An effort to get a no wake zone instituted on Lake Glenville will move forward following a split vote of the Jackson County Commissioners Jan. 29.
A new health advisory was issued this month warning people about mercury levels in walleye fish in Lake Glenville. This is not exactly news.
“As an obligate piscivore — that is, fish that feed almost exclusively on smaller fish — this species is very prone to mercury bioaccumulation,” explained Susan Massengale, public information officer with the N.C. Department of Environment and Natural Resources.
Jackson County may have another community planning project on the horizon. Glenville residents have approached the county about possibly embarking on such a journey.
“That’s very initial-stages,” said Jackson County Planning Director Gerald Green, explaining that the county is currently discussing the concept with a handful of Glenville residents. “Right now, there’s probably 10 or 12 exploring it.”
With September’s tropical storm season gearing up, residents living downstream of large Duke Energy dams in Western North Carolina may spend the fall on high alert, wondering when and if Duke will open the flood gates to release pent-up water from its dams on the Nantahala and Tuckasegee rivers.
Ten suspects have been charged in connection with a rash of property crimes in the Cashiers and Glenville area.
Christmas tree farming is nothing new in Western North Carolina thanks to the perfect climate, perfect soil and preponderance of mountainsides — terrain that leaves farmers with few options for cultivating crops suited to slopes. Tree farms run the gamut, from a dirt farmer plunking down a half-acre of trees on the hill behind his house to massive wholesale tree dealers with thousands of acres in production.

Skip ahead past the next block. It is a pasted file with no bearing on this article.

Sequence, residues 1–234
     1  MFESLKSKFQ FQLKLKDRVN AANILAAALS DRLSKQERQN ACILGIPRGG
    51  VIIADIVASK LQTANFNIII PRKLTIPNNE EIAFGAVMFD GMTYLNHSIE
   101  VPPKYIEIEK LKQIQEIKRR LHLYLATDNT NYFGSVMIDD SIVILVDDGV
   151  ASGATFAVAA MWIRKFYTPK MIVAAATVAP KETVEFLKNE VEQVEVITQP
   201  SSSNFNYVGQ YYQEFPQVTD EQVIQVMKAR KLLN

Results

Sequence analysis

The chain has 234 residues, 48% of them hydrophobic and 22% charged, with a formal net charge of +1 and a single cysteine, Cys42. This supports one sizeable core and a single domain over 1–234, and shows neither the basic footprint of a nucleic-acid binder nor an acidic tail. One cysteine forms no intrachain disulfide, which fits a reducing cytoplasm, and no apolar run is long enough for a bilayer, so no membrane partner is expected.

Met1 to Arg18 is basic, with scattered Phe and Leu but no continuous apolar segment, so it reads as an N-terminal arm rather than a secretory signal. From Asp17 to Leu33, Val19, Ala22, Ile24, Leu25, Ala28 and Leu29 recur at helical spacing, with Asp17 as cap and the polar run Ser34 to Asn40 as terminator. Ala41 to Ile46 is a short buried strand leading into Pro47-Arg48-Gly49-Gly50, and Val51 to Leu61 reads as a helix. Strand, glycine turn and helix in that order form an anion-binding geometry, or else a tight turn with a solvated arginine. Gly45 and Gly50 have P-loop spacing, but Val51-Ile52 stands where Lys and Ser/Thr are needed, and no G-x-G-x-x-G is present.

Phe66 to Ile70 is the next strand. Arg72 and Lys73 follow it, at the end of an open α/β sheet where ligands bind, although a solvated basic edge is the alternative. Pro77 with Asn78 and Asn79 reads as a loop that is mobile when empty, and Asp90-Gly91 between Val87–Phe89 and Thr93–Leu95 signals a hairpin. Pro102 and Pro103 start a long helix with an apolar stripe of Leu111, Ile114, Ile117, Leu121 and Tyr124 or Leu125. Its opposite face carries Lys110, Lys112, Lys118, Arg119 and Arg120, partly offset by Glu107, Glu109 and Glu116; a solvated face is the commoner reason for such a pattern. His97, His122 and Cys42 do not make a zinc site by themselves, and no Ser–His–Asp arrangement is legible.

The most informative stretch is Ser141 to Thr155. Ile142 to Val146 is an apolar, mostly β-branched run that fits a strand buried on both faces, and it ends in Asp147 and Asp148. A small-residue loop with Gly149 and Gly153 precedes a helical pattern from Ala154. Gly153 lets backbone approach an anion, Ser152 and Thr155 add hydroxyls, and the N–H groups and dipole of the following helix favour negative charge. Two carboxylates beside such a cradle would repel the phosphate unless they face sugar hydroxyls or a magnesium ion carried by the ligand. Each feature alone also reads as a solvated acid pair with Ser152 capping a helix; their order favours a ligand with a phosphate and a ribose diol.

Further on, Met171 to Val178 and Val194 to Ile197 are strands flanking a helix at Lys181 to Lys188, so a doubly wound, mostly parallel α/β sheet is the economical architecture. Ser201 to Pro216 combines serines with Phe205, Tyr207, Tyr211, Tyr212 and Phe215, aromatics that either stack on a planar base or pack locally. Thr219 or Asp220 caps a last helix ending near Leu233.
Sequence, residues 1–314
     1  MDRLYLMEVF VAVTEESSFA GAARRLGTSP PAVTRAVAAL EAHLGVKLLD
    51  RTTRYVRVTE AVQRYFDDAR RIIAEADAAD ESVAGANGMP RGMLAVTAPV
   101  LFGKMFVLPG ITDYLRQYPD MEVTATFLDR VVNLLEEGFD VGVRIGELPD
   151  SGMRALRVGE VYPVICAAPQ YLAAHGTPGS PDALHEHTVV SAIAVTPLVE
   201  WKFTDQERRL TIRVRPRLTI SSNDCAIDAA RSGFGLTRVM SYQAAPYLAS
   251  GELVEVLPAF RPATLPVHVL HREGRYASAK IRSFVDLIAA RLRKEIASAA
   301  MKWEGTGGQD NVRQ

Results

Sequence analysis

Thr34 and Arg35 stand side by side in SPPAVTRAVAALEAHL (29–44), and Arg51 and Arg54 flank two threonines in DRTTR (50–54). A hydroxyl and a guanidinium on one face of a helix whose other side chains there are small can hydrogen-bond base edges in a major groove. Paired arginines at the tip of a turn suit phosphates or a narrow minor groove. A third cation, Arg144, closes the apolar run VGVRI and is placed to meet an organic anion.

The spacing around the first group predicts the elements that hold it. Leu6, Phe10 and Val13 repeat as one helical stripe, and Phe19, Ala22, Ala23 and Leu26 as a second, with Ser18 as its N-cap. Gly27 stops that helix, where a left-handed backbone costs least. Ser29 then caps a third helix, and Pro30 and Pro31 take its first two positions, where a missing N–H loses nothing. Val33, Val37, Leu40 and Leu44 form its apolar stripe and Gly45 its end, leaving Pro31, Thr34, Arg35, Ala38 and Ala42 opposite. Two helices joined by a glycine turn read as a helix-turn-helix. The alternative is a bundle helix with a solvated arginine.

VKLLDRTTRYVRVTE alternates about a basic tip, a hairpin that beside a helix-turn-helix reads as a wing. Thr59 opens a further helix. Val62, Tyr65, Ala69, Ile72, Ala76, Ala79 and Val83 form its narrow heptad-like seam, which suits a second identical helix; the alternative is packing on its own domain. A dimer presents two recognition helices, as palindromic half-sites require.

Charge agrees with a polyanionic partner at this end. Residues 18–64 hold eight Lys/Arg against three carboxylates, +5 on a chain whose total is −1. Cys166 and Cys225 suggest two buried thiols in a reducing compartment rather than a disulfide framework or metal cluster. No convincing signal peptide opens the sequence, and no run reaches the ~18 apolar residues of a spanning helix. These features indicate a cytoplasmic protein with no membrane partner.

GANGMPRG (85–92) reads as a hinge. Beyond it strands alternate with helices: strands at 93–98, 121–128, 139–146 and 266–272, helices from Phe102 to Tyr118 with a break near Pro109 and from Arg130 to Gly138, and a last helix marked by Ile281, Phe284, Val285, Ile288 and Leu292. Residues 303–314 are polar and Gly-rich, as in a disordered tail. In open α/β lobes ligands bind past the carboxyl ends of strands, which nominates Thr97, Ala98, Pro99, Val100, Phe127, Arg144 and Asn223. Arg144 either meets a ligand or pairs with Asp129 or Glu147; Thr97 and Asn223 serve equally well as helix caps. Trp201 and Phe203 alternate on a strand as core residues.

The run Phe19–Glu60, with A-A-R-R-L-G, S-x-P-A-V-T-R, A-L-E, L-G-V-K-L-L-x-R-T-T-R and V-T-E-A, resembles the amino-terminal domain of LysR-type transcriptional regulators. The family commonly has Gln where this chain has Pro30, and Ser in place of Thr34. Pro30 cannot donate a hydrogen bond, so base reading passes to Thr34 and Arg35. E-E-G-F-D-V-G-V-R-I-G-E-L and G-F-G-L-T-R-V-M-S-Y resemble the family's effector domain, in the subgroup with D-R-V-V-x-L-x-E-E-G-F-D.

Tom and Myra Sawyer of the Glenville community in southern Jackson County, however, have taken the traditional WNC Christmas tree farm and turned that concept on its ear. The Sawyers transformed their chose-and-cut tree farm into a little slice of the North Pole, complete with a visiting Santa and a cadre of elves.
In doing so, the couple has tapped into the growing agri-tourism niche. Plus they’ve provided scores of their Glenville and Cashiers neighbors with sorely needed seasonal employment. Up to 50 people work on the farm this time of year — not counting those employed through their wreath-making shop, year-round tree farm operation and the four retail Christmas tree lots they operate in Florida, Tennessee and Georgia. It also doesn’t take into account the large number of family members Tom and Myra Sawyer also provide jobs for. Or the burgeoning wedding-destination sideline they’ve recently started.
Tom Sawyer, in a quiet way in a remote section of the region, is putting a whole lot of folks to work.
Tom Sawyer’s Christmas Tree Farm & Elf Village is simply not like anything else you find in the region. There are Christmas trees for the choosing, a Christmas-themed shop, rides on horse-drawn wagons, an elf village and a whole lot of “elves.” Thousands of people make the curvy, challenging drive here each season, Sawyer said, from as far away as Atlanta and Upstate South Carolina.
The story, as Tom Sawyer relates it, is that Santa Claus sometime in the 1940s crashed his sleigh in Glenville. The elves opted to stay in this location, hence the elf village that resulted. (It wasn’t clear how this many elves — scores of them, in fact — could have squeezed onto that small sleigh with Santa, but facts shouldn’t stand in the way of a good story.)
There is a small elf chapel, an elf outhouse, an elf naughty-time out-hut and much, much more. Once Sawyer, a former certified public accountant from Florida who started growing trees here in 1982, gets an idea you’d better watch out. Because what he conceptualizes he makes happen.
The youngest child of older parents, Sawyer said that in many ways he grew up more as a little adult than an actual kid.